Commuter rail riders ‘somewhat satisfied’

Keolis poll shows customer satisfaction rising

COMMUTER RAIL RIDERS overall are “somewhat satisfied” with the rail system’s performance, according to internal polls commissioned by Keolis Commuter Services that have shown steady but slow improvement over the last four years.

In a poll taken of 4,268 passengers riding trains between May 6 and May 12, the commuter rail system received an overall satisfaction rating of 5 on a scale of 1 to 7, with 1 being extremely dissatisfied and 7 being extremely satisfied.

The 5 rating, meaning somewhat satisfied, was just below the 5.1 the system received a year ago and a whole point above the 4 the system received in a poll taken in spring 2015. A rating of 4 is neutral, meaning the respondent was neither satisfied or dissatisfied.

The overall satisfaction scores varied by line, with lines connecting to North Station generally doing better than lines leaving from South Station. Newburyport, at 5.5, received the highest ranking among trains leaving from North Station, while the Fitchburg and Rockport lines were the lowest at 4.8.  Trains leaving South Station had more variability, ranging from a high of 5.6 on the Fairmount line to 4.7 on the Providence line and 4.6 on the Franklin, Greenbush, and Plymouth/Kingston lines.

The poll, conducted by the firm SocialSphere, asked riders what they thought of Keolis employees (5.8), on-time performance (4.5) train experience (5.1), local station comfort (4.6), destination station comfort (4.9), on-board announcements (4.7), and cleanliness of seats, windows, and floors (4.8).  The one outlier in the rankings was toilet cleanliness, where riders gave Keolis a mildly unsatisfactory rating of 3.6.

Keolis’s performance has steadily improved over the last few years, with hefty investments in locomotives and other equipment. On-time performance (meaning arrival within 5 minutes of the scheduled time) has averaged 90 percent across all lines so far this year. On-time performance weighted by passenger traffic is not quite as good, hovering around 85 percent in recent months and falling as low as 72 percent in June.

The improved performance on commuter rail has coincided with evidence suggesting ridership and revenues are up, but an in-depth evaluation of operations has been hampered by the system’s inability to accurately count passengers. New passenger counters are expected to be installed on all commuter rail cars by the end of the year.

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Bruce Mohl

Editor, CommonWealth

About Bruce Mohl

Bruce Mohl is the editor of CommonWealth magazine. Bruce came to CommonWealth from the Boston Globe, where he spent nearly 30 years in a wide variety of positions covering business and politics. He covered the Massachusetts State House and served as the Globe’s State House bureau chief in the late 1980s. He also reported for the Globe’s Spotlight Team, winning a Loeb award in 1992 for coverage of conflicts of interest in the state’s pension system. He served as the Globe’s political editor in 1994 and went on to cover consumer issues for the newspaper. At CommonWealth, Bruce helped launch the magazine’s website and has written about a wide range of issues with a special focus on politics, tax policy, energy, and gambling. Bruce is a graduate of Ohio Wesleyan University and the Fletcher School of Law and Diplomacy at Tufts University. He lives in Dorchester.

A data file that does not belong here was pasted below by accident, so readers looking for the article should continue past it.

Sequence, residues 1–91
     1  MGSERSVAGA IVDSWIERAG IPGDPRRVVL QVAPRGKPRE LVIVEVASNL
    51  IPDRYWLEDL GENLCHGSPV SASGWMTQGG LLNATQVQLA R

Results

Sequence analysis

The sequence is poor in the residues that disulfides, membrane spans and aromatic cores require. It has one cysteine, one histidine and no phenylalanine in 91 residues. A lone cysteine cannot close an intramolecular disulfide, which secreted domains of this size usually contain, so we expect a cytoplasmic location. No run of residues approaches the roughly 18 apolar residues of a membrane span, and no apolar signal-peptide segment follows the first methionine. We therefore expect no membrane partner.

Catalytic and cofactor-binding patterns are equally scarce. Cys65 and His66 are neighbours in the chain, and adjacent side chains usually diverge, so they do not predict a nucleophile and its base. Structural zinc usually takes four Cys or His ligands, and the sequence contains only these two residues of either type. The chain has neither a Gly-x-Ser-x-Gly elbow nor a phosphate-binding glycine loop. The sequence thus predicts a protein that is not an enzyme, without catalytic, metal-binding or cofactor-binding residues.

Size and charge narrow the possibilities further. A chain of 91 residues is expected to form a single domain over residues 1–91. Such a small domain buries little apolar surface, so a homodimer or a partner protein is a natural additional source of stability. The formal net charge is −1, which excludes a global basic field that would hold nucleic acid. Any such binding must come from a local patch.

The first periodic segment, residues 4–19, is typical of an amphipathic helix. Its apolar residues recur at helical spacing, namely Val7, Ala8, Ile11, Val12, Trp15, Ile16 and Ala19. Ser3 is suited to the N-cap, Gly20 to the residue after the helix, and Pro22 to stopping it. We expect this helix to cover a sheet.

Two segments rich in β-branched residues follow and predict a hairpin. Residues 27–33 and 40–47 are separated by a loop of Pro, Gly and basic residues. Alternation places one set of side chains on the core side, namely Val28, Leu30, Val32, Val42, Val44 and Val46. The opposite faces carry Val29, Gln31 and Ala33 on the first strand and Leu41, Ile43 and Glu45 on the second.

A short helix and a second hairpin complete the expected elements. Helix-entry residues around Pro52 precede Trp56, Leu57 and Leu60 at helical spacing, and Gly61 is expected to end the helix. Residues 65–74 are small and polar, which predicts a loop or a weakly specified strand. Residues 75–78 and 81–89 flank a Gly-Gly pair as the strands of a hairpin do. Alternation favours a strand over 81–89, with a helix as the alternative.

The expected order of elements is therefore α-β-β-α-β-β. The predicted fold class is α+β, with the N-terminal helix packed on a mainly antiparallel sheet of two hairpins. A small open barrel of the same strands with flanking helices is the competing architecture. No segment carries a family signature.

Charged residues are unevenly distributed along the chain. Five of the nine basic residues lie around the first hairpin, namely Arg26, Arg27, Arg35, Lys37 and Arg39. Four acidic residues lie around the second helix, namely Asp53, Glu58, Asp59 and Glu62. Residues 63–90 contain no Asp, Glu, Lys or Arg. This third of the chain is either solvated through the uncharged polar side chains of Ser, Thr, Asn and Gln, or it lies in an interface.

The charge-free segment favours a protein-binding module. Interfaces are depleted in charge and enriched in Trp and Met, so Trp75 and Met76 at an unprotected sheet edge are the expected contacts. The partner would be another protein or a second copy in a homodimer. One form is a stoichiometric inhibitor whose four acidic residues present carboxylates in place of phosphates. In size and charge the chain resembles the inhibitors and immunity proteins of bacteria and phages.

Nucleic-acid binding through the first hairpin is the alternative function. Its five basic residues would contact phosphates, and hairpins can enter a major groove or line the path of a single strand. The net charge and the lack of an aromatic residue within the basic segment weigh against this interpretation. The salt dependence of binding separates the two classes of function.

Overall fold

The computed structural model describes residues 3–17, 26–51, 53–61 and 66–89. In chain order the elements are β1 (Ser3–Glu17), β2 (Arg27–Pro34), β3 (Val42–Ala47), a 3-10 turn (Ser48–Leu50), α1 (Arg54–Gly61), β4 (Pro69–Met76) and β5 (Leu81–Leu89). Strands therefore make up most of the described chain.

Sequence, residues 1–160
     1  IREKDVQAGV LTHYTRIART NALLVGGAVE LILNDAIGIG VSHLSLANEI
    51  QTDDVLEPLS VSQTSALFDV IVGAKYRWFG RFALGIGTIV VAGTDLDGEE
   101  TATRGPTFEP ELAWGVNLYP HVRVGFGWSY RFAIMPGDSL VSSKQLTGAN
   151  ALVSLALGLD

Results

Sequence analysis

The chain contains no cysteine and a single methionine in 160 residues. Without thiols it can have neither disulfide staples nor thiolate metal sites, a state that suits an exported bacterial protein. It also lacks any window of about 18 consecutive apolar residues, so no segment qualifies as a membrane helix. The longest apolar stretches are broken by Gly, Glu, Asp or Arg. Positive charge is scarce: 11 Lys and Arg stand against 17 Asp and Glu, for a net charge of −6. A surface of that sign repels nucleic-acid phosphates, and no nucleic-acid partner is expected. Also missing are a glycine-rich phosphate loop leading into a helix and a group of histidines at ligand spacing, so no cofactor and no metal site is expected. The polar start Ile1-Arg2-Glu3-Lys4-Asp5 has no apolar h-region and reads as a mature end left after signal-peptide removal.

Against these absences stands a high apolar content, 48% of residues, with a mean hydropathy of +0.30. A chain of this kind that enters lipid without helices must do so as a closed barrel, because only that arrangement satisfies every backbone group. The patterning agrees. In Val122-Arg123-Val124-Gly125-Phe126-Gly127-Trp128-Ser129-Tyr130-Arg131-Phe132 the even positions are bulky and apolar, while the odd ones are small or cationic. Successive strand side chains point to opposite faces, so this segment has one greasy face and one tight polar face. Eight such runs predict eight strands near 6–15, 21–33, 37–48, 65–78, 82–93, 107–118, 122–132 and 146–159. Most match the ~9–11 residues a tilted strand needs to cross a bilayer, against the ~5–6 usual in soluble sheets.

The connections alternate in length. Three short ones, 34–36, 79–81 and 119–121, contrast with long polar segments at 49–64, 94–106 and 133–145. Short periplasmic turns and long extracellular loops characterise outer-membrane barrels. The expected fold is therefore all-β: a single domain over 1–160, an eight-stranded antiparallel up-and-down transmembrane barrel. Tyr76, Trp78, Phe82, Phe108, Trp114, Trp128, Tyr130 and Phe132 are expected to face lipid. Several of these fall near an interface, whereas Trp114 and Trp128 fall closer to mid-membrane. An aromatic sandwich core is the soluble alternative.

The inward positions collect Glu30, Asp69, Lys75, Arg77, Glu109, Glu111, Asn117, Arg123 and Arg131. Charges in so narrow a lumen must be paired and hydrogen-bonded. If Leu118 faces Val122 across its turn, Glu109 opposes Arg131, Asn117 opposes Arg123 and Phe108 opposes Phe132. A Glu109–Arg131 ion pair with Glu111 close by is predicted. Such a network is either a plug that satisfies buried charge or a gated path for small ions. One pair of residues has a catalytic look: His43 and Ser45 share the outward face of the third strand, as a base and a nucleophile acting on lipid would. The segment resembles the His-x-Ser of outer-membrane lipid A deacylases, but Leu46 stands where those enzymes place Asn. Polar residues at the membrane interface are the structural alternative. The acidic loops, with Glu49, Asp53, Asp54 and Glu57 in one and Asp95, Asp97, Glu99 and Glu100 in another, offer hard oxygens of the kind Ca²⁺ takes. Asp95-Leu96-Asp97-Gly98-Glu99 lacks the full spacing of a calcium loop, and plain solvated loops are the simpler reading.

About Bruce Mohl

Bruce Mohl is the editor of CommonWealth magazine. Bruce came to CommonWealth from the Boston Globe, where he spent nearly 30 years in a wide variety of positions covering business and politics. He covered the Massachusetts State House and served as the Globe’s State House bureau chief in the late 1980s. He also reported for the Globe’s Spotlight Team, winning a Loeb award in 1992 for coverage of conflicts of interest in the state’s pension system. He served as the Globe’s political editor in 1994 and went on to cover consumer issues for the newspaper. At CommonWealth, Bruce helped launch the magazine’s website and has written about a wide range of issues with a special focus on politics, tax policy, energy, and gambling. Bruce is a graduate of Ohio Wesleyan University and the Fletcher School of Law and Diplomacy at Tufts University. He lives in Dorchester.

Tory Mazzola, director of public affairs for Keolis, said the poll results indicate the company is making progress that is being noticed by passengers.

“This progress follows investment by the MBTA, Keolis, and the Baker administration of hundreds of millions of dollars into additional conductors, more scheduled trains, infrastructure, new passenger communication tools, and reliability, which has improved,” he said in a statement. “The 10-year on-time average is 87 percent, while for 2016, 2017 and 2018 we delivered 89 percent. For 2019, year-to-date on-time performance is at 90 percent. We’d like to see these trends continue, and we will continue to invest to help achieve that.”